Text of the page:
As an exhibition, ‘Polyptych Subsets’ questions whether an artist can allow an artwork to ‘cause’ itself. John Ryan outlines his own practice in terms of contingency, what might or might not happen, experimenting with “what paint can do itself when exposed to the elements, air and gravity”. Broadly speaking, the moment an artwork is made can been seen an intersection between disjunctive and conjunctive potentialities. Artists use the world as material, they make objects into things: things that could push apart, and things that could come together, things that work, and things that do not work (together). But Ryan’s art practice undercuts systems of art making which insist that events can be predicted, or proceed from some sort of necessity. He transforms our understanding of artwork by allowing the paint itself to think autonomously of the subject (the artist), who also thinks. Ryan’s experiments in and with paint can be understood as an experimentation with points of control and points of exposure; exposure meaning an opening where a unknown aspect can come in, and control meaning the artist’s decision to use paint, to use frame or floor or plastic bag, and the decision to allow gravity, time, and other external forces to decide the outcome of the work. The frame no longer determines the text or context.
In the case of Painting 2, these points of control and decision mark the historical and referential dimensions of the work. They reuse terms already known to us: the frame, the gallery, and even oil paint as a medium in itself. But these terms are coloured by a seepage, an oozing, a sliding down. Through a lack of intention that has been ‘let in’ these works grant access to potential that could not have been forethought or foreseen by the artist in their entirety. It is as much about what paint itself can do as what Ryan can do with paint.
Ryan’s exhibits take up Slavoj Žižek’s challenge, “to discover trash as an aesthetic object”.1 In Hanging Bag and Pile he succeeds in objectifying paint, forcing painting and sculpture, artwork and material together in a new synthetic excrescence. As we enter the gallery space, we feel that what’s before us is the posterior residue of an unknown activity that appears to have no sense behind it. However, what Ryan’s practice embraces is not senselessness, but rather the demand of sense unto itself. These works create new economies of meaning and value out of what seems redundant – paint, card, plastic bags, insulating tape, shampoo – forcing the medium (oil paint) to be recognised as an object in its own right, rather than simply the means to create an object: paint as paint not paint on a painting. Objects that were originally functional, and deemed useless, are given meaning, as Ryan re-creates and re-enchants them. For Žižek, uncovering the aesthetic dimension of trash is “the true love of the world”.2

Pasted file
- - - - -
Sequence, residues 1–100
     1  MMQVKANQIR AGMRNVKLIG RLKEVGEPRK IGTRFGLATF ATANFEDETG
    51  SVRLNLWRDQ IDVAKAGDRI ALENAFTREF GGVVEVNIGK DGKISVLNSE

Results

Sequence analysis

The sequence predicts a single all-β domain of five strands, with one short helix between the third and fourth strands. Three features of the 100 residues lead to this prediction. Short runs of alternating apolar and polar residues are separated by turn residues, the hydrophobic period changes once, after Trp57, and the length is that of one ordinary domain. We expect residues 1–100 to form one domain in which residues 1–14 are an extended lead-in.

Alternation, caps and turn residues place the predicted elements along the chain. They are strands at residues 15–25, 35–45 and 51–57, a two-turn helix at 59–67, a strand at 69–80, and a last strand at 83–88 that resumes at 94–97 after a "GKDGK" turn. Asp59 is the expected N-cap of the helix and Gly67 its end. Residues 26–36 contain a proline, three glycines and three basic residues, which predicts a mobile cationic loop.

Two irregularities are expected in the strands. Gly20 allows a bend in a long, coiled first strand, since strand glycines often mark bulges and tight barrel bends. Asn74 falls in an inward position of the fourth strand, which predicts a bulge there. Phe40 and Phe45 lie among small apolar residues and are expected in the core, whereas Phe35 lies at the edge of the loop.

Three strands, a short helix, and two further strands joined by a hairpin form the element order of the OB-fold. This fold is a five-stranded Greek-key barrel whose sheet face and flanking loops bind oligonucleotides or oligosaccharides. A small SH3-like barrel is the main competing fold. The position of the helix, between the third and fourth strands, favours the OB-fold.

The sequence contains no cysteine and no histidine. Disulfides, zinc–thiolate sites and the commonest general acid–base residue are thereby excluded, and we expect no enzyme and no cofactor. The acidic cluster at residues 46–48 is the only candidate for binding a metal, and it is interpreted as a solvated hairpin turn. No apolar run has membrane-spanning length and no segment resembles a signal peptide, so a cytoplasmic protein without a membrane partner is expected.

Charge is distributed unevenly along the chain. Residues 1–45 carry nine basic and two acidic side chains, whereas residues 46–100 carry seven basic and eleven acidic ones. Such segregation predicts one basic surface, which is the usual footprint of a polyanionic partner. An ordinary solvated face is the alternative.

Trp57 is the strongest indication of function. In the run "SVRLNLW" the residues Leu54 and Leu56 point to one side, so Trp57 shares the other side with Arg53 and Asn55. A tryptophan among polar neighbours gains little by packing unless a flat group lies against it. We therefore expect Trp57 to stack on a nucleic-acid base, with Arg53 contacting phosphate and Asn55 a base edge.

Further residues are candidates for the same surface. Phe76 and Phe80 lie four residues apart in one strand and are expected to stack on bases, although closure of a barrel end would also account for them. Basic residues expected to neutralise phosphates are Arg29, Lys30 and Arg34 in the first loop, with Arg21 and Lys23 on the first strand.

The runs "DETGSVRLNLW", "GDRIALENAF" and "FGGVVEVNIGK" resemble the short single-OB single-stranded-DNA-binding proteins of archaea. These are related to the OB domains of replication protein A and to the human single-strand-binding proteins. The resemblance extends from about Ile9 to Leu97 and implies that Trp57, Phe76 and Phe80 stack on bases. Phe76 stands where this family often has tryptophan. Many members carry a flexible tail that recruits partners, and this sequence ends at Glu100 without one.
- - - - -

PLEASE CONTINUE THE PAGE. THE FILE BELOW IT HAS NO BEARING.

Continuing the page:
Theoretically speaking, Ryan’s work – his haptic, sentient, and viscous art – challenges the idea that paint is passive matter. His object-oriented art articulates a jumpy materiality where paint has efficacy, can do things, and has sufficient capacity to produce effects, bring about events, interrupt, and become an obstacle (it would be quite easy to walk into Ryan’s floor painting for example). This method lends ‘Polyptych Subsets’ an open structure where indeterminacy and the incompleteness of form are celebrated. Ryan revels in viscosity; he is intrigued by mess, disarray, that which leaks, sticks out, or is sticky. This exhibition, like Nikolas Gambaroff’s ‘Male Fantasies’, which ran recently at the White Cube Gallery, is peopled by a variety of objects entering into new relationships, which turn the gallery space itself into a landscape of vibrant materialities. The Joinery became a space where human and nonhuman actants were intermeshed, a place where contingencies played out (or didn’t).
What sets Ryan’s style apart is, perhaps peculiarly, what he does unintentionally. Paradoxically, allowing space for contingency within the work is what gives this exhibition, and Ryan’s practice as a whole, its edge. The stuff of his practice is essentially decomposable, biodegradable, fated to pass away, to lose its identity as thing and to become again no(n)-thing. Looking at this exhibition, another question takes shape: What will remain of it? What will float on the surface? What will survive of ‘Polyptych Subsets’? This, finally, is what’s left to chance, and we are left with the giddy feeling that some of Ryan’s work might never dry.
is an artist and writer working in Dublin.
teaches Continental Philosophy at Independent College, Dublin.
1. Slavoj Žižek,‘Ecology’, Astra Taylor (ed) Examined Life: Excursions with Contemporary Thinkers, New york, The New Press, 2009, 163 2. Žižek,‘Ecology’ , 2009, 166